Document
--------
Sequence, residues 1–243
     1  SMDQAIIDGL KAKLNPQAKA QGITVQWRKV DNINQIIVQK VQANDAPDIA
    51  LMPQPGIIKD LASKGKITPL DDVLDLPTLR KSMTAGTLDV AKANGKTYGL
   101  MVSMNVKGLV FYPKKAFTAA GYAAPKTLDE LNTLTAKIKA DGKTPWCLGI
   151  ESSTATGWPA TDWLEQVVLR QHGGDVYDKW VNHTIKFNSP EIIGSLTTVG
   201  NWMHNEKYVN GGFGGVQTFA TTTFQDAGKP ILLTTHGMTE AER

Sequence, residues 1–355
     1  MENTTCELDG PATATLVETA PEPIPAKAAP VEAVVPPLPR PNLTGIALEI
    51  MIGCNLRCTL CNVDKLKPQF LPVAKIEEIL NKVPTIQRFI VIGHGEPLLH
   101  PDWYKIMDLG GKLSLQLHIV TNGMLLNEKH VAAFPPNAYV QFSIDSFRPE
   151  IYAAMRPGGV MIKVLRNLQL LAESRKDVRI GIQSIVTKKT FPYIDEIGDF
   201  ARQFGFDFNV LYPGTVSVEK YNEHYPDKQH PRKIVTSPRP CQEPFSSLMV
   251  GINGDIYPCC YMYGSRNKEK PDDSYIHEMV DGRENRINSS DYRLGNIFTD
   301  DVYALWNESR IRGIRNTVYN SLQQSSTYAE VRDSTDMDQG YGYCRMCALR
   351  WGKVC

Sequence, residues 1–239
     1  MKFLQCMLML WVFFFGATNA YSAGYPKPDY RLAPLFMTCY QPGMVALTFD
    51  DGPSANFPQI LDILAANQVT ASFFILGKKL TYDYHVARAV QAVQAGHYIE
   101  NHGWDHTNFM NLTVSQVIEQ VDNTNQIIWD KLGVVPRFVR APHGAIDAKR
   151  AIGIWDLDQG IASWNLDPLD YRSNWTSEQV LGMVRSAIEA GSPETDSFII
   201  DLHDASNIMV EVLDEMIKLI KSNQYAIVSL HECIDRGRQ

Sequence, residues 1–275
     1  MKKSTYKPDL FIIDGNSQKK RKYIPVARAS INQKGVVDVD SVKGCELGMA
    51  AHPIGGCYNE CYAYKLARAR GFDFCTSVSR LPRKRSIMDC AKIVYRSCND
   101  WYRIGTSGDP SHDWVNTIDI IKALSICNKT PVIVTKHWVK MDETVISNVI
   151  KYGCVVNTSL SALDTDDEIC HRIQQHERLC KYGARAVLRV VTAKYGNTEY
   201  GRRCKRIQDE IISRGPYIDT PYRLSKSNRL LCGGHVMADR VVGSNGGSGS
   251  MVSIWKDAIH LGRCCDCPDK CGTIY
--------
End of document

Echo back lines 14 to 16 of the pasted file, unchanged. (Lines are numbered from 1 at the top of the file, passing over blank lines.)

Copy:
   301  DVYALWNESR IRGIRNTVYN SLQQSSTYAE VRDSTDMDQG YGYCRMCALR
   351  WGKVC

Sequence, residues 1–239